A multi-million dollar scheme involving the theft, resale and purchase of stolen heating oil has led the New York County District Attorney’s Office issuing 44 indictments, including for 29 truck drivers, earlier this week.
The defendants in the case allegedly scammed their customers using a variety of methods to rig the meters on tanker trucks to evade regulatory controls and conceal the actual amount of oil delivered to customers.
The fradulent methods included the use of a bypass valve that would divert oil to a hose leading back to the truck’s tank, and pumping air instead of oil by using magnets to manipulate the meter’s air eliminator.
Shorting customers on deliveries led to a surplus of oil that the defendants would then resell to other customers and oil companies at reduced prices. Around $34 million worth of oil was stolen and resold using these methods, according to a New York Times report.
These actions took place between Sept. 2006 and Oct. 2015 and affected the owners of residential, commercial and municipal properties throughout New York City.
“The victims of these alleged schemes include all those who managed, worked, or lived in the affected buildings, as well as the City itself,” said Cyrus R. Vance, Manhattan District Attorney. “And when schools, hospitals, and police precincts were shorted— it was residents and taxpayers who paid the price and suffered the consequences.”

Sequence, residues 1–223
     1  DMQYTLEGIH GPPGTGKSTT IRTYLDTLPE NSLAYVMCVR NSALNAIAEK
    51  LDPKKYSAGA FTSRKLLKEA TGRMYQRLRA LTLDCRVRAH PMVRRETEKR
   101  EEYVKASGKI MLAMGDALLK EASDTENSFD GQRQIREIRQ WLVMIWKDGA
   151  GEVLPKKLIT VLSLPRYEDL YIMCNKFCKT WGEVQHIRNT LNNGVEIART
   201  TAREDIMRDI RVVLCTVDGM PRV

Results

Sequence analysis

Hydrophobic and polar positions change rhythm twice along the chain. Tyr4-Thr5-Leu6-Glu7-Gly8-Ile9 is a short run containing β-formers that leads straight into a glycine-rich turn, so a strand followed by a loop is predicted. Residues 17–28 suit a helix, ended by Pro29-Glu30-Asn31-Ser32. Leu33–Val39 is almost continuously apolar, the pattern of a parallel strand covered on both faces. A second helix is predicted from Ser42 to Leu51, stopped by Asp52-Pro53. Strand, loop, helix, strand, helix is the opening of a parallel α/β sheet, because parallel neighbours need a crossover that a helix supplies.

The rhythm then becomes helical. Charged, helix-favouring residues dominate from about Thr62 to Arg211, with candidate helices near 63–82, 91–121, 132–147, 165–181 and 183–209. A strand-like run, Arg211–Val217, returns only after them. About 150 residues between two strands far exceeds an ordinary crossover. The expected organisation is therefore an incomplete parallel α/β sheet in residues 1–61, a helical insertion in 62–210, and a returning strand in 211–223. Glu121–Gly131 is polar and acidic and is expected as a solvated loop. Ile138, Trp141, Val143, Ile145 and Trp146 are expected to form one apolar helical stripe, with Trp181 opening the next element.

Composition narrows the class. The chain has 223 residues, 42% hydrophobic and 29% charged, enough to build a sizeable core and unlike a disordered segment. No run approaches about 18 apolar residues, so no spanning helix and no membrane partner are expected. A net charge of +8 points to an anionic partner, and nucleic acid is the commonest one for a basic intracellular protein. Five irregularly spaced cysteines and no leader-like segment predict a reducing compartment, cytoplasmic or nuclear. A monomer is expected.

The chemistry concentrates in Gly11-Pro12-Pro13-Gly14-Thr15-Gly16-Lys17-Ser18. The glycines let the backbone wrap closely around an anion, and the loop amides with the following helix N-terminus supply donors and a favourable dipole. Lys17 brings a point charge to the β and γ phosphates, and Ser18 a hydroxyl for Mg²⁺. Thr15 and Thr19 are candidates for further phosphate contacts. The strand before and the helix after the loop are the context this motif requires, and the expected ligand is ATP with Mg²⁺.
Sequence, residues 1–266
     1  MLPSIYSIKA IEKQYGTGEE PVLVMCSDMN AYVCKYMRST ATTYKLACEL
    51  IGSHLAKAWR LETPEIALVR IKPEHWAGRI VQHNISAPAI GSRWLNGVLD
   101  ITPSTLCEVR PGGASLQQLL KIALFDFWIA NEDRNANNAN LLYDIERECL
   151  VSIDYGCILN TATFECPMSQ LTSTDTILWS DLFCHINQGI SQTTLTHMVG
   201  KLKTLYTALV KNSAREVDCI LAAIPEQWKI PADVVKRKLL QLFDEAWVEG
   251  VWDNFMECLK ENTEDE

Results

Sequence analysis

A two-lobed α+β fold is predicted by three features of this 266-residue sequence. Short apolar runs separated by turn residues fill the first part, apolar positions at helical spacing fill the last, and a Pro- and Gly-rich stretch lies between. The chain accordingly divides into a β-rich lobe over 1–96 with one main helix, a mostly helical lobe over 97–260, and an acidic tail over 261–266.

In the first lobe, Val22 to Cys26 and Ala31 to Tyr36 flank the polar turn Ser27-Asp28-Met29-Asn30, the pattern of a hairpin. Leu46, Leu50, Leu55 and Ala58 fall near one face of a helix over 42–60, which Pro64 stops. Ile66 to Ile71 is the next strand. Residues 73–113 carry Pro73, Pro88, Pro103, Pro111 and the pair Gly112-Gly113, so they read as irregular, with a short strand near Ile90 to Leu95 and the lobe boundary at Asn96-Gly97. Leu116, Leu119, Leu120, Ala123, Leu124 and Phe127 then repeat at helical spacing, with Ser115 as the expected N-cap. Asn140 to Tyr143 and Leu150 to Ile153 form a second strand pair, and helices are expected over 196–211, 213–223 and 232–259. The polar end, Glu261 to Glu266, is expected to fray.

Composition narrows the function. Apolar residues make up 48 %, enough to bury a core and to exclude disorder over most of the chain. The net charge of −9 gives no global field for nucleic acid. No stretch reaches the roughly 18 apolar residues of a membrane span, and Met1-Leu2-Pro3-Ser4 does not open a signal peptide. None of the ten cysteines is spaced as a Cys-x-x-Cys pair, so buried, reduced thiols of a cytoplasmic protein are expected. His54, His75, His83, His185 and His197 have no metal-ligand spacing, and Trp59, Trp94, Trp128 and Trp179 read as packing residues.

Several heating oil transportation and retail companies were included in the indictment along with their owners, fuel depot dispatchers and truck drivers.
Depending on the individual indicted, the defendants are being charged with enterprise corruption, grand larceny, scheme to defraud, criminal possession of stolen property, falsifying business records, and offering a false instrument for filling.
“While this investigation focused on business consumers and City contracts, we have strengthened our inspection process and instituted new measures to ensure all customers, including residential customers, are protected from these types of scams,” said Julie Menin, Commissioner of the New York City Department of Consumer Affairs.
“No one should ever be overcharged, especially for something as necessary as heating oil," she added,